In their review, Castillo et al. categorized patients of plasmablastic lymphoma into four groups, human immunodeficiency virus-positive plasmablastic lymphoma, human immunodeficiency virus-negative plasmablastic lymphoma, post-transplant plasmablastic lymphoma and transformed plasmablastic lymphoma, depending on their immunological status. Out of 590 cases of plasmablastic lymphoma, 369 were human immunodeficiency virus-seropositive, 164 were human immunodeficiency virus-negative, 37 patients were post-transplant and 20 were in the transformed group. In all groups, males were commonly affected than females but in human immunodeficiency virus-negative plasmablastic lymphoma, females were relatively more affected than in other groups. In comparison to the human immunodeficiency virus-positive plasmablastic lymphoma, relatively older patients were affected in the human immunodeficiency virus-negative group (mean age of presentation was 55 years). The mean age of presentation in both post-transplant and transformed plasmablastic lymphoma groups were 62 years. In contrast to human immunodeficiency virus-positive plasmablastic lymphoma, extranodal involvement was most common (95% of patients) with 48% having oral cavity/jaw involvement, 12% having gastrointestinal tract disease and 6% having skin involvement. In 7% of the patients, plasmablastic lymphoma was the initial presentation of human immunodeficiency virus infection. More than half (65%) of the patients had advanced disease (stage III or IV) at presentation, and 40% had bone marrow involvement and B symptoms. Plasmablastic lymphoma affects the oral cavity with fast local invasion and dissemination. Other less commonly involved sites were the central nervous system, paranasal sinuses, mediastinum, liver, lungs and testes. Our patient presented with a rapidly enlarging ulcero-proliferative growth in the perineum without involvement of the gastrointestinal tract. In human immunodeficiency virus-negative plasmablastic lymphoma, although the oral cavity is commonly involved, involvement of extra-nodal sites is more heterogeneous. In addition, in human immunodeficiency virus-positive plasmablastic lymphoma, bone marrow involvement, B symptoms and advanced clinical stage at presentation are more common than in the human immunodeficiency virus-negative plasmablastic lymphoma. Around 41 cases of plasmablastic lymphoma that involved the skin have been reported, of which 22 cases were seropositive for human immunodeficiency virus. Cutaneous involvement is relatively more common in the case of post-transplant plasmablastic lymphoma (8 cases, 22%) than in human immunodeficiency virus-positive plasmablastic lymphoma (22 cases, 6%), human immunodeficiency virus-negative plasmablastic lymphoma (10 cases, 7%) and transformed plasmablastic lymphoma (1 case, 5%). Plasmablastic lymphoma with cutaneous involvement has a male preponderance and is commonly associated with Epstein–Barr virus infection. It has a rare association with human herpes virus 8.,, Reddish-purple nodules involving the lower limb was the common presenting feature of cutaneous plasmablastic lymphoma. We were unable to find any previous reports of plasmablastic lymphoma presenting as a perineal ulcero-proliferative growth; however, there have been reports of plasmablastic lymphoma involving the testis and penis.,,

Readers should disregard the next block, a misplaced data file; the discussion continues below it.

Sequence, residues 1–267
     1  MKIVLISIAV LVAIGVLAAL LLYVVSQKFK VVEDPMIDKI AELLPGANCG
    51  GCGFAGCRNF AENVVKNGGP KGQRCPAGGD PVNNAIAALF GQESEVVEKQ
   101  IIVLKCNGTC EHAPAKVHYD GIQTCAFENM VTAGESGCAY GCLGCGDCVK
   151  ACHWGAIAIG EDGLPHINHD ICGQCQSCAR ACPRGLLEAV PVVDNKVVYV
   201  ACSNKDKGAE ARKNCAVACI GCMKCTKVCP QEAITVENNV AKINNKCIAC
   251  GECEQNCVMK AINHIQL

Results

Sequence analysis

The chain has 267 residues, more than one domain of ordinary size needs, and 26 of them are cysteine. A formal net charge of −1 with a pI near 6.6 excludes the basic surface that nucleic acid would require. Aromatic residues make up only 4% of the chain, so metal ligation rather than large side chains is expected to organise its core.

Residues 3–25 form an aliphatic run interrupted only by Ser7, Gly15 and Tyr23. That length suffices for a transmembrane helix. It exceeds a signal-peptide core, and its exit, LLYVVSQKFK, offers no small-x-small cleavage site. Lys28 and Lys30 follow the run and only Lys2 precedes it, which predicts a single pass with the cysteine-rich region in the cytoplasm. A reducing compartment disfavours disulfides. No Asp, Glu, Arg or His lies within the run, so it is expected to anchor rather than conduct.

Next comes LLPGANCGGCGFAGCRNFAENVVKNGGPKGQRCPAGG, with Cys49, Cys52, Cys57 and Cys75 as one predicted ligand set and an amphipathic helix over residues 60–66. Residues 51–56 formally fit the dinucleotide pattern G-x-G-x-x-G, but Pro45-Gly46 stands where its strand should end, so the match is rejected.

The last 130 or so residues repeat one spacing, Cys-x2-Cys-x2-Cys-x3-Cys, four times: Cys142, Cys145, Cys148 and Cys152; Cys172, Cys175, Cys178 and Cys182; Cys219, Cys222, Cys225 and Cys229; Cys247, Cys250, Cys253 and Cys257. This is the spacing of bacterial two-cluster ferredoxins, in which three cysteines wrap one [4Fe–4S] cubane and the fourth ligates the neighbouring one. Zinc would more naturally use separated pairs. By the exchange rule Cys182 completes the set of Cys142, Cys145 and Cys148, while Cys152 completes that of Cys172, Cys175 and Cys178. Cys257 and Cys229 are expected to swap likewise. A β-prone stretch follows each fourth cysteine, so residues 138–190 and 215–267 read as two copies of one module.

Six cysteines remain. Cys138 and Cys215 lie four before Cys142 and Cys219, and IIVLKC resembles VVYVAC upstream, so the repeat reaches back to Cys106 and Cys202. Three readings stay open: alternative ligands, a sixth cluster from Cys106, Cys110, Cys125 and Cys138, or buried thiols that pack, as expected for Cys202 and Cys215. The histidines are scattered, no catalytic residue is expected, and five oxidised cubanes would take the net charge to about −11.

Differential diagnosis of an ulcero-proliferative growth in the perineal region includes epidermoid carcinoma, lymphoma, adenocarcinoma, basaloid carcinoma, melanoma and metastasis. The histology of plasmablastic lymphoma is characterized by monomorphic cellular proliferation of large immunoblasts or large plasma cells, as seen in our case. Apoptotic bodies and mitotic figures are frequent. The neoplastic cells express plasma cell markers (VS38c, CD38, multiple myeloma oncogene-1, BLIMP1, XBP-1, cytoplasmic immunoglobulin and CD138), stain variably for CD79a, CD56, CD45, CD10, CD30, Epstein–Barr virus-encoded small ribonucleic acids and stain negative for B-cell markers (CD20 and PAX5).,, The various morphologic and immunophenotypic differentials of plasmablastic lymphoma are primary cutaneous diffuse large B-cell lymphoma-leg type, primary cutaneous diffuse large B-cell lymphoma-not otherwise specified, plasmablastic and anaplastic variants of plasma cell myeloma and plasmacytoma, myeloid sarcoma and metastatic melanoma.,, Primary cutaneous diffuse large B-cell lymphoma (both leg type and not otherwise specified) can be excluded by the characteristics of CD20 and leukocyte common antigen positivity and negativity for plasma cell markers such as CD138. The presence of significant bone involvement, a monoclonal serum paraprotein, lower proliferation index, positive staining for CD56 and negative staining for Epstein–Barr virus favor a diagnosis of plasma cell myeloma. Negative staining for myeloperoxidase and S-100 rules out myeloid sarcoma and metastatic melanoma, respectively.,,